Sam Phillips

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Samuel Cornelius Phillips (January 5, 1923 – July 30, 2003), better known as Sam Phillips, was an American record producer who played an important role in the emergence of rock and roll as the major form of popular music in the 1950s. He was a producer, label owner, and talent scout throughout the '40s and '50s. He is most notably attributed with the discoveries of Howlin' Wolf, Elvis Presley and Johnny Cash, and is associated with several other noteworthy rhythm and blues and rock and roll stars of the period.

Phillips was a native of Florence, Alabama and a graduate of Coffee High School. He was exposed to blues and became interested in music by African-American workers on his father's cotton farm.

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The "Memphis Recording Service" and Sun Records

Sam Phillips wanted to attend law school. However, because he did not have the money, he went to school for broadcasting and became a radio DJ. In the 1940s, Phillips worked as a DJ for Muscle Shoals, Alabama radio station WLAY (AM). According to Phillips, this radio station's "open format" (of broadcasting music from both white and black musicians) would later inspire his work in Memphis. In 1945, he worked for four years as an announcer and sound engineer for WREC.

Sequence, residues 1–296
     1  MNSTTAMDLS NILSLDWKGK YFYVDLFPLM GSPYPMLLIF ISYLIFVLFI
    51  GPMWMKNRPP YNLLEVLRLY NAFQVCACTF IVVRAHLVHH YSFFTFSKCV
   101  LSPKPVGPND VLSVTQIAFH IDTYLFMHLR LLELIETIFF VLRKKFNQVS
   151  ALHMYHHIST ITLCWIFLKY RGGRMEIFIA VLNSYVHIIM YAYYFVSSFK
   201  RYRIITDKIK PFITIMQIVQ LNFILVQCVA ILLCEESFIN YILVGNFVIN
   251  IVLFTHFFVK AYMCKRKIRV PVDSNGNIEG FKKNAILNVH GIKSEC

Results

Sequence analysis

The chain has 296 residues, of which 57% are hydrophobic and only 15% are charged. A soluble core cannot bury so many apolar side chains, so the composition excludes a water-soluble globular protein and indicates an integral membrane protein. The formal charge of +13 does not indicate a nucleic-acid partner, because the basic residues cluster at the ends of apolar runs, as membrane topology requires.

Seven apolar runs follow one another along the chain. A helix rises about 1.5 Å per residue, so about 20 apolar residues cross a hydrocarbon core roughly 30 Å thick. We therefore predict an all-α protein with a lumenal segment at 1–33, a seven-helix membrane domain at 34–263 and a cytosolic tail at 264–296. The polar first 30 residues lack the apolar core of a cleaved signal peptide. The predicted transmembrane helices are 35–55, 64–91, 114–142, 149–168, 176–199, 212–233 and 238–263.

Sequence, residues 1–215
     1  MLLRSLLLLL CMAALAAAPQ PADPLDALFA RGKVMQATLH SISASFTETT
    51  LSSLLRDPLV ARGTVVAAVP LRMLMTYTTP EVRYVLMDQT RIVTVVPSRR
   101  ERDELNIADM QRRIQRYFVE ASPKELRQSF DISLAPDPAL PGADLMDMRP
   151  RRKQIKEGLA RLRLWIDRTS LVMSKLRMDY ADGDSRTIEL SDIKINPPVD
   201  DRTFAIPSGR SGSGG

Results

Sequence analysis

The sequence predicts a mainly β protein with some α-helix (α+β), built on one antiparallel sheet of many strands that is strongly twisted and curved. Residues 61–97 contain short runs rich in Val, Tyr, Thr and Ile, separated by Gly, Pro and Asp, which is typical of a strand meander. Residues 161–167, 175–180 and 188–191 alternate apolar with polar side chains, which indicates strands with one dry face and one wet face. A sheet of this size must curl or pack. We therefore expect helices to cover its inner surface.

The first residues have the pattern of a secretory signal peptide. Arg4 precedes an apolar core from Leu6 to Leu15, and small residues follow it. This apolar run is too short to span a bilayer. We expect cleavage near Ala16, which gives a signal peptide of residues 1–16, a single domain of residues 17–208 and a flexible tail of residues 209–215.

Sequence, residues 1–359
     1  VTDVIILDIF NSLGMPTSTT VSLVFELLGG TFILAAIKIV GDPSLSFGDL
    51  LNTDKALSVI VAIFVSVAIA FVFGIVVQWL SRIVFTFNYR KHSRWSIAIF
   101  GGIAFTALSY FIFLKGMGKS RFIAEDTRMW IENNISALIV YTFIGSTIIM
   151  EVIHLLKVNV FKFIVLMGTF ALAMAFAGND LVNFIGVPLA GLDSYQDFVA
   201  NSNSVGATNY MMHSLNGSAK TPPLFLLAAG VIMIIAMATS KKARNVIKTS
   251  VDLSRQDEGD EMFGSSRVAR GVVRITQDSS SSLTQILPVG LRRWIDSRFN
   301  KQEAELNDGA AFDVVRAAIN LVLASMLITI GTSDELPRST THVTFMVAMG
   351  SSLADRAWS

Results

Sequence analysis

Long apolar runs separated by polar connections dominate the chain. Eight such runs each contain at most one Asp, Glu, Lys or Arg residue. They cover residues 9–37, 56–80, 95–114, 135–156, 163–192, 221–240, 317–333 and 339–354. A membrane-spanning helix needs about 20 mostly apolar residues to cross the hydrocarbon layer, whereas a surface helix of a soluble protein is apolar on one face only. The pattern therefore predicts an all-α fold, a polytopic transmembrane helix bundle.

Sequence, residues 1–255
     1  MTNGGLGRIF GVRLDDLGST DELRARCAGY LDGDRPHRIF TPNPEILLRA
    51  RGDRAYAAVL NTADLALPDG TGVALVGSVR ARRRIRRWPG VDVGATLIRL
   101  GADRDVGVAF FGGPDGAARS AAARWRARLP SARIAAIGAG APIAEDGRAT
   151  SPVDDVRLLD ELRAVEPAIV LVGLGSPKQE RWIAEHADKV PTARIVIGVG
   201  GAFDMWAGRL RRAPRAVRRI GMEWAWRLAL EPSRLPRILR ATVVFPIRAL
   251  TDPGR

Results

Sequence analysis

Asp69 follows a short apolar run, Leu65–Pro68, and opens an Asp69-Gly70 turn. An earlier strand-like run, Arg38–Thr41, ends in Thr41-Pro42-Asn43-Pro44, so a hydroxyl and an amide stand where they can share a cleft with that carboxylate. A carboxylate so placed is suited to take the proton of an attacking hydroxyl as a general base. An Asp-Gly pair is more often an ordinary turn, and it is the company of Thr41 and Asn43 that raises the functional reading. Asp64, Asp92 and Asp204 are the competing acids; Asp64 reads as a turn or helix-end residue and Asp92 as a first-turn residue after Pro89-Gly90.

On January 3, 1950, Phillips opened the "Memphis Recording Service" at 706 Union Avenue in Memphis, Tennessee, which also served as the studios for Phillips' own label, Sun Records, through the 1950s. In addition to musical performances, he recorded events such as weddings and funerals, selling the recordings. "Memphis Recording Service" let amateurs perform, which drew in performers such as B.B. King, Junior Parker, and Howlin' Wolf. He then would sell their performances to large record labels. Phillip focused on R&B music. Sun Records was launched in 1952.

Phillips combined different styles of music. He was interested in the blues and said: "The blues, it got people- black and white- to think about life, how difficult, yet also how good it can be. They would sing about it; they would pray about it; they would preach about it. This is how they relieved the burden of what existed day in and day out."[1]

Phillips recorded what some—notably music historian Peter Guralnick—consider the first rock and roll record: "Rocket 88" by Jackie Brenston and his Delta Cats, a band led by 19-year-old Ike Turner, who also wrote the song. "Rocket 88" was considered the first rock and roll song[2]. The recording was released on the Chess/Checker record label in Chicago, in 1951. From 1950 to 1954 Phillips recorded the music of James Cotton, Rufus Thomas, Rosco Gordon, Little Milton, Bobby Blue Bland, and others. Others such as B.B. King and Howlin' Wolf made their first recordings at his studio. In fact, Phillips deemed Howlin' Wolf his greatest discovery and he deemed Elvis Presley his second greatest discovery.

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